GEN-MEDIEVAL-L ArchivesArchiver > GEN-MEDIEVAL > 2003-11 > 1070224920
From: (Peter Stewart)
Subject: Re: The history is long but is coming to an end
Date: 30 Nov 2003 12:42:00 -0800
References: <1a4001c3b650$4d3f2a50$6501a8c0@PC> <20031129232527.ZYVS2005.imf18aec.mail.bellsouth.net@bob> <firstname.lastname@example.org> <email@example.com>
"Pierre Aronax" <> wrote in message news:<3fc9efc4$0$8472$>...
> "Peter Stewart" <> a écrit dans le message de
> > ("Robert Baxter") wrote in message
> > By the way, an Australian I know was prevented from taking his
> > hereditary seat becasue he wasn't a British resident. Not quite the
> > same as Lord Mereworth's idea of inalienable right...
> Perhaps he can try to take his seat in the Australian house of peers?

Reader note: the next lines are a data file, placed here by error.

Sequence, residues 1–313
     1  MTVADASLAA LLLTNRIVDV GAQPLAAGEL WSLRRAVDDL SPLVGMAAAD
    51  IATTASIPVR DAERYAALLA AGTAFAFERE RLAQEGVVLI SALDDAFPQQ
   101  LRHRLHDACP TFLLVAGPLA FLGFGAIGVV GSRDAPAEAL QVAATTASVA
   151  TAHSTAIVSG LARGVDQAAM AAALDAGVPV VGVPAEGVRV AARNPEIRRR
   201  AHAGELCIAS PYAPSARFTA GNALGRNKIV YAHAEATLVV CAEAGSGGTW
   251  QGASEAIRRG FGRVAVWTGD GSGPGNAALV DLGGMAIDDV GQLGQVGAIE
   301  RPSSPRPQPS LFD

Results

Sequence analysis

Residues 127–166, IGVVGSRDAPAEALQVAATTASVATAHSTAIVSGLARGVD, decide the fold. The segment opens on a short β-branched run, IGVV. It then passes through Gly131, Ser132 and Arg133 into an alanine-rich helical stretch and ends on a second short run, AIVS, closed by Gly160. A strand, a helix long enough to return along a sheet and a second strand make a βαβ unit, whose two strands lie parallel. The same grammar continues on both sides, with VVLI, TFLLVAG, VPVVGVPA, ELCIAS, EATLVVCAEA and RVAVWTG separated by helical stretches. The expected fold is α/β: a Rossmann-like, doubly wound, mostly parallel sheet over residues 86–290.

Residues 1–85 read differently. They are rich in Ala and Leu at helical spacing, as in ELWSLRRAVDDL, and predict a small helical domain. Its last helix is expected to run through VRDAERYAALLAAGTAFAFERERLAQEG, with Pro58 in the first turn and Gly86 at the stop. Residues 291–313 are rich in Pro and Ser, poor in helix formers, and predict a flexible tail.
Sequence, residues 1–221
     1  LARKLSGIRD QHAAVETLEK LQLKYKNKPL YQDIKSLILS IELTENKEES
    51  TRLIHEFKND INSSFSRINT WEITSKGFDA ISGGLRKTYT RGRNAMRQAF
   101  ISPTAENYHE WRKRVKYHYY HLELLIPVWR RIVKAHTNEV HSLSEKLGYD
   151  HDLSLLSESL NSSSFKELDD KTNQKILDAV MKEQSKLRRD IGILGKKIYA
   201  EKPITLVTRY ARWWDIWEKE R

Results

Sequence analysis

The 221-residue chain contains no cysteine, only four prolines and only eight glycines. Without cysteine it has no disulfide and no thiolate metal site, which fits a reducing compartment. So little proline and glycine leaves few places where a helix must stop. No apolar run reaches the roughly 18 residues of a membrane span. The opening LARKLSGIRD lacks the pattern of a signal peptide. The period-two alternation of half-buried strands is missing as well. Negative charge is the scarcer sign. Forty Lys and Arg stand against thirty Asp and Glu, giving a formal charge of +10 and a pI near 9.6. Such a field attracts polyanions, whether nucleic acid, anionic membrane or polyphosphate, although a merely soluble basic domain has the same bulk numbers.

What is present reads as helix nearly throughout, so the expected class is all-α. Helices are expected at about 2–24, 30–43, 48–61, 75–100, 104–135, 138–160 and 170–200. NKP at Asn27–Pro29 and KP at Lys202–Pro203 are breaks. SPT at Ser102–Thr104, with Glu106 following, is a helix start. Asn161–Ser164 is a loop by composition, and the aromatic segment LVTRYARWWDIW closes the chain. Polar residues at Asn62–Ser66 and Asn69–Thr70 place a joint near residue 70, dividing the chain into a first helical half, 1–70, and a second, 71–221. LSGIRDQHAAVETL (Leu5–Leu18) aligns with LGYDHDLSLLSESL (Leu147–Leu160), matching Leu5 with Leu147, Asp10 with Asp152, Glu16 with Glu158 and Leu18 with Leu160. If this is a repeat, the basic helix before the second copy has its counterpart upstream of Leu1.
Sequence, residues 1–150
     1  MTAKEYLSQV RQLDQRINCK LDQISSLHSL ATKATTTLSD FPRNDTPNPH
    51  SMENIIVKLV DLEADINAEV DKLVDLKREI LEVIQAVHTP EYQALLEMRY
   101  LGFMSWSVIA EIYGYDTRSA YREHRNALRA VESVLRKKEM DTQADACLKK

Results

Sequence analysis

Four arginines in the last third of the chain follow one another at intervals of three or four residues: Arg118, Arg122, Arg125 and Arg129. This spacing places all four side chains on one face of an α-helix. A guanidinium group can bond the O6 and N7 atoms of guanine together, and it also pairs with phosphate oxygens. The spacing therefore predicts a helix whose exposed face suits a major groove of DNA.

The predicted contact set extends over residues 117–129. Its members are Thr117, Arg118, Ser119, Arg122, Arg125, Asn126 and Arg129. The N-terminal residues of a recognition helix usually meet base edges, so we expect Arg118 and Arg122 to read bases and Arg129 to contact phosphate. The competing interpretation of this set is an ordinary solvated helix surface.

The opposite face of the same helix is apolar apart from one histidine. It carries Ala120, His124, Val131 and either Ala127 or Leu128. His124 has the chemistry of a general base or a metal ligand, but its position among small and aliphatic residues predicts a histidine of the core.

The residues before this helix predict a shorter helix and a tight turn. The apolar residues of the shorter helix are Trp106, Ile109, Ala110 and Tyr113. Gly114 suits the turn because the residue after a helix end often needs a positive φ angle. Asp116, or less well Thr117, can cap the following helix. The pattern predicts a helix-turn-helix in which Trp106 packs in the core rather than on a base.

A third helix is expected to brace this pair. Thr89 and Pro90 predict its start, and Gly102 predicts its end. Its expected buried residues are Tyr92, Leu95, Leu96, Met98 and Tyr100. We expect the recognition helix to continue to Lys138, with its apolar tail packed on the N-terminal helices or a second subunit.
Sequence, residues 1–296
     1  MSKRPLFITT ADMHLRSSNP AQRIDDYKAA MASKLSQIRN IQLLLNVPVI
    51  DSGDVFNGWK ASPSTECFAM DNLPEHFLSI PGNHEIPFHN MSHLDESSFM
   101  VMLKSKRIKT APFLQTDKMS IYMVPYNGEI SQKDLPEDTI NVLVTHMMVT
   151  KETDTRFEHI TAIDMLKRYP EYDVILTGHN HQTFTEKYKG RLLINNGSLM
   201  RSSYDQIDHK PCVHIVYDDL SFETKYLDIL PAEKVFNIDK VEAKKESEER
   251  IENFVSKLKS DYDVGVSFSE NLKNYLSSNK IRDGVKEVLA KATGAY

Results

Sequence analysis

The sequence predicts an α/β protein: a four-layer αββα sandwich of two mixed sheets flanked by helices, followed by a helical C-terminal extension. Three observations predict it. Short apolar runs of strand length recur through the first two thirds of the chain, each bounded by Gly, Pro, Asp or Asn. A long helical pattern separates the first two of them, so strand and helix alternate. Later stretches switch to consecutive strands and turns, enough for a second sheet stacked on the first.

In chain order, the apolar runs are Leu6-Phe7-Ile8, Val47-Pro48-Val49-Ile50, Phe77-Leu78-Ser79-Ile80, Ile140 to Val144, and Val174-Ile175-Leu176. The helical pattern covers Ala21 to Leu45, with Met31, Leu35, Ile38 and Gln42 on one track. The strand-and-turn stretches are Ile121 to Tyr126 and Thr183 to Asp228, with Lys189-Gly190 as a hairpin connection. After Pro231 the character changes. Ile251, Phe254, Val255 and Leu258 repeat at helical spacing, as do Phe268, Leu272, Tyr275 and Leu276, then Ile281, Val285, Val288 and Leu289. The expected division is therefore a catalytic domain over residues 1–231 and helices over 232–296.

> In his case nevertheless the right is not alienate, rather suspended because
> of his residence: if he had gone back to Britain, he would have been able to
> enjoy it. Quite different from abolishing forever an existing right to seat.
That's why I wrote "not quite the same", but it certainly isn't "quite
different". The alienation of Lord Mereworth's "rights" - or
priviilege - abolished by Mr Blair's governemnt may be no more
permanent than the suspension of access for a non-resident: a future
parliament could reverse the decision, just as qualifications for
taking a seat could be changed from time to time.
If one parliament could bind another, Britain would be living under
the tyranny of its past, and every sensible peer would be residing